For example, last year, I planned a lesson around a Greek custom called μαρτάκι [martaki]. The μαρτάκι is a bracelet made of red and white thread. As its name suggests, Greeks make and wear their μαρτάκι in March, and keep it on for the entire month. In the past, the bracelet was believed to help protect the person wearing it from the bright sun of spring. Now, it symbolizes the passing from winter to spring. We started the lesson by making our own bracelets. I had bought some red and white threads and showed students how to create their μαρτάκι. The students seemed to be excited; all of them participated in the activity, and most of them made extra bracelets for their friends and family members (mainly for their mothers). I made sure not to rush them through the activity; I gave them sufficient time to work on their bracelets, as I believed—and still do—that this first part of the lesson was just as important as the next one.
When all students had finished making their bracelets, I introduced them to a news article describing the custom and its origins. First, we read the article aloud, underlined and explained some unknown words. Next, I asked students to complete some comprehension activities based on the text, and finally, I asked them to write a small paragraph describing the custom. The students’ motivation and engagement were obviously affected positively; the use of authentic material, the focus on a real tradition, and the participation in an interactive and fun activity appeared to excite them. At the same time, I felt that the students’ reading comprehension was facilitated by introducing this hands-on activity at the beginning of the lesson. All students managed to make sense of the article, which, like most authentic materials, included some words and expressions that were challenging and perhaps slightly advanced for them.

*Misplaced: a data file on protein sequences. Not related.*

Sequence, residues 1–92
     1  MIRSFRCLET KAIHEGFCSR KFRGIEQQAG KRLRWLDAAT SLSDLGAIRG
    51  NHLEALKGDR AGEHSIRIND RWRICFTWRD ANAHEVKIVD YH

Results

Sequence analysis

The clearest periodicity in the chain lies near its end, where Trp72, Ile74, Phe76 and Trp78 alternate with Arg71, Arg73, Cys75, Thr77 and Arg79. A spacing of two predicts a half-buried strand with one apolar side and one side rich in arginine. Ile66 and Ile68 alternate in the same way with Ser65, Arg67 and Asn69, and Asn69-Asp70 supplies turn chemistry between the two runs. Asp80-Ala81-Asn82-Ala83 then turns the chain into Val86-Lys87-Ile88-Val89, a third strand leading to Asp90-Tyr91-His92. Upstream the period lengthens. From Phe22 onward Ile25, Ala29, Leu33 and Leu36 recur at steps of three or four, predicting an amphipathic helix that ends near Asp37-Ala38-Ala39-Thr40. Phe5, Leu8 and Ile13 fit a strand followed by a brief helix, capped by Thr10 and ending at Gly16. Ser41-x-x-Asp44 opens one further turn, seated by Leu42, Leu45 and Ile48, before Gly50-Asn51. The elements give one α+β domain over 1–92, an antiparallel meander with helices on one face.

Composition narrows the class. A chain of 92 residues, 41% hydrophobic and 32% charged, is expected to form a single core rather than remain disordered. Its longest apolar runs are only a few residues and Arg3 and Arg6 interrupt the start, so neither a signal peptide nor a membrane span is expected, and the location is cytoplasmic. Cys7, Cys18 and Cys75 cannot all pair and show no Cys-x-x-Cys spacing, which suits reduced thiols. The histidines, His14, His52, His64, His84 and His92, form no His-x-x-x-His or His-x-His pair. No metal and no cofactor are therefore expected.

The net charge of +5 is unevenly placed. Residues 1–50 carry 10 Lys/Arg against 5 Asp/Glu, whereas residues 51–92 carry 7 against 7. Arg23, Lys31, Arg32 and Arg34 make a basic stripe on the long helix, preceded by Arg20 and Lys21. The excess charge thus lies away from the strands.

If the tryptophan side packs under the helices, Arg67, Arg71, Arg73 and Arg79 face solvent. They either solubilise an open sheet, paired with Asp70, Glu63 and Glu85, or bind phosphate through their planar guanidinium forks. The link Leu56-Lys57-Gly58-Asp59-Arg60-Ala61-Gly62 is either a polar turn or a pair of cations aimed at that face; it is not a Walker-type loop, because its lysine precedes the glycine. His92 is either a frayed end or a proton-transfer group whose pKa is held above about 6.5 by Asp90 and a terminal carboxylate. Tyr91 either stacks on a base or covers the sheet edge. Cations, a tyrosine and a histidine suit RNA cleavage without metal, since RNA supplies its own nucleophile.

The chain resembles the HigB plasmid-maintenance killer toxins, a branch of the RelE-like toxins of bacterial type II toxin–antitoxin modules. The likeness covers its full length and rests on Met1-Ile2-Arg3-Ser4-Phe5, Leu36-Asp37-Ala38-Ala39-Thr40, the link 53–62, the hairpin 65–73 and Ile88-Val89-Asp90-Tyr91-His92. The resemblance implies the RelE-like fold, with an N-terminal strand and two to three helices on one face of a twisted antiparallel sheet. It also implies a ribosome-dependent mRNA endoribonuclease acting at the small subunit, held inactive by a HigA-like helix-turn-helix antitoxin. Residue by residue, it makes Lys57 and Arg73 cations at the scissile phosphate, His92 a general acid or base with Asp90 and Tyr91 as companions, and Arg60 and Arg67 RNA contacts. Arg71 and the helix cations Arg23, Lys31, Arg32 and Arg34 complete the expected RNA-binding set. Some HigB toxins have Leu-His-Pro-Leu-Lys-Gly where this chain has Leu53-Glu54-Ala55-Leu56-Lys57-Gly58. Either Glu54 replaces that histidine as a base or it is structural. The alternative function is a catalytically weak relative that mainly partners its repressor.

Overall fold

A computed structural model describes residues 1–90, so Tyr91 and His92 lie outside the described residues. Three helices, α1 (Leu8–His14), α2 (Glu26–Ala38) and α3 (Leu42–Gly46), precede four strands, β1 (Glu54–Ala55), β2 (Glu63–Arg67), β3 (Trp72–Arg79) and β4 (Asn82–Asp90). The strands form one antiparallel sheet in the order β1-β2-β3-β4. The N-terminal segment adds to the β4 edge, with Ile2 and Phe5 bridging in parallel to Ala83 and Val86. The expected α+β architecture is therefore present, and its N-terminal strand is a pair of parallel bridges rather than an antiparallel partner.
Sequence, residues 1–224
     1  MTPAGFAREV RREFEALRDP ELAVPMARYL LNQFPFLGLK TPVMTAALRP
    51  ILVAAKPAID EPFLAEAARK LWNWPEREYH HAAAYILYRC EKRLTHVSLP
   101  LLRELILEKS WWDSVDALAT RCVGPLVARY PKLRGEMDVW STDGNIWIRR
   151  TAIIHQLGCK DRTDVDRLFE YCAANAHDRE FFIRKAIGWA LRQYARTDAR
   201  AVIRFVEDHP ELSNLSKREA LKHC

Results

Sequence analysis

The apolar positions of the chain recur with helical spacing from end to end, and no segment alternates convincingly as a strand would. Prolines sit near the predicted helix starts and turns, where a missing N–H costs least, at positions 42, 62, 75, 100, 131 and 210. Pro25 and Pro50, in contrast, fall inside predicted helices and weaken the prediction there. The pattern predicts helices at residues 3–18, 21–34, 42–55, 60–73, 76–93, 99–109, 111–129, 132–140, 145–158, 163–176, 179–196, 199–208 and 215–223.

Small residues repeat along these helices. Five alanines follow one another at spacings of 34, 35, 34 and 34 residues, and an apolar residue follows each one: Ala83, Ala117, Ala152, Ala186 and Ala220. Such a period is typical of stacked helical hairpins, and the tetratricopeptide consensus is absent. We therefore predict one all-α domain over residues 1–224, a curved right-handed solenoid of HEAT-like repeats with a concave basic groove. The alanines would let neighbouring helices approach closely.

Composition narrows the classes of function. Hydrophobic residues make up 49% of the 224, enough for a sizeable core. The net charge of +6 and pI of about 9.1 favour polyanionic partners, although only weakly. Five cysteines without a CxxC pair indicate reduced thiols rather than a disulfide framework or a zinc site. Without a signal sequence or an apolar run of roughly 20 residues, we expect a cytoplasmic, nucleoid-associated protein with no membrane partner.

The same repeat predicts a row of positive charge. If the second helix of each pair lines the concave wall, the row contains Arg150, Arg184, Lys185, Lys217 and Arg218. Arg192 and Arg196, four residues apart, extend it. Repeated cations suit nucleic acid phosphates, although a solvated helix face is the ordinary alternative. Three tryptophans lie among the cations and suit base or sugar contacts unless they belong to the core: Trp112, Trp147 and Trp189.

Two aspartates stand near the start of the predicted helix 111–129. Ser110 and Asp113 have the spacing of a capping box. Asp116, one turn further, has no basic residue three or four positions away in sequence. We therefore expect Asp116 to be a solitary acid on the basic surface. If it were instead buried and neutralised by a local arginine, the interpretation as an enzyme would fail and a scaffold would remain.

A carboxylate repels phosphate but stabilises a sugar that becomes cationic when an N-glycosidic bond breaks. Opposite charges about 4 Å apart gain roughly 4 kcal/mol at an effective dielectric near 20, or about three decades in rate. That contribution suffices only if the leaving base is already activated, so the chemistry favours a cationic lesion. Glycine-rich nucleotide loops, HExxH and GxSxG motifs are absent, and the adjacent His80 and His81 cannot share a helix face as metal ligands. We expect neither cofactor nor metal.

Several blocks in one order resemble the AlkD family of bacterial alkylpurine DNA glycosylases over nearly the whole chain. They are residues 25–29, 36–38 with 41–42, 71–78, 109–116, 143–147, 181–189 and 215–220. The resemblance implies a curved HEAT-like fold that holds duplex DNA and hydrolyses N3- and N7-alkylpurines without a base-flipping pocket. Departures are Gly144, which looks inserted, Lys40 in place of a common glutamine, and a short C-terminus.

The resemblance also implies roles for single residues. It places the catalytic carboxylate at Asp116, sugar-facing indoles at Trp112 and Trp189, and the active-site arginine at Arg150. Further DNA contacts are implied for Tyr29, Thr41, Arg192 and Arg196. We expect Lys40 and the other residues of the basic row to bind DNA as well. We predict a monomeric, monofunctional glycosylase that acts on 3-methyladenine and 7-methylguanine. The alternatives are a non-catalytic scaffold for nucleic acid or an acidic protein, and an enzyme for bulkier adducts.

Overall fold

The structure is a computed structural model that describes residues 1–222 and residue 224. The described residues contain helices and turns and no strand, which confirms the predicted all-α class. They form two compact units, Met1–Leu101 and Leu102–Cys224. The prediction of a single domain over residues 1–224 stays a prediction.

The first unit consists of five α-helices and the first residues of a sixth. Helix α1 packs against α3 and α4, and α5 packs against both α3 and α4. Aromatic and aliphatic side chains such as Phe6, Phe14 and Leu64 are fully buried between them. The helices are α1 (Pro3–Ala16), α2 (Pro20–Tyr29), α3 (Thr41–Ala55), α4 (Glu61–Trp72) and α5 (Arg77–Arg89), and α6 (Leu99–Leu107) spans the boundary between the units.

Research suggests that heritage language learners benefit more from macrobased approaches, that is, from approaches that start from the learners’ experiences and then move on to specifics of the language (i.e. vocabulary, grammar etc.) (Carreira, 2016). Indeed, lessons like the one described here confirm this hypothesis. I truly believe that this was one of the most engaging and informative lessons for my students.
Carreira, M. (2016). Supporting HL learners through Macrobased Teaching. In M. Fairclough & S. M. Beaudrie (Eds.), Innovative Strategies for Heritage Language Teaching: A Practical Guide for the Classroom. (pp. 123-142). Washington, DC: Georgetown University Press.
Cummins, J. (1992). Heritage language teaching in Canadian schools. In C. Baker & N. H. Hornberger (Eds.), An introductory reader to the writings of Jim Cummins (pp. 252-257). Clevedon, U.K.: Multilingual Matters.
Cummins, J. (2005). A proposal for action: Strategies for recognizing heritage language competence as a learning resource within the mainstream classroom. The Modern Language Journal, 89(3), 585-592.
Valdés, G. (2001). Heritage Language Students: Profiles and Possibilities. In J. Peyton, J. Ranard & S. McGinnis (Eds.), Heritage Languages in America: Preserving a national resource (pp. 37-80). McHenry, IL: The Center for Applied Linguistics and Delta Systems.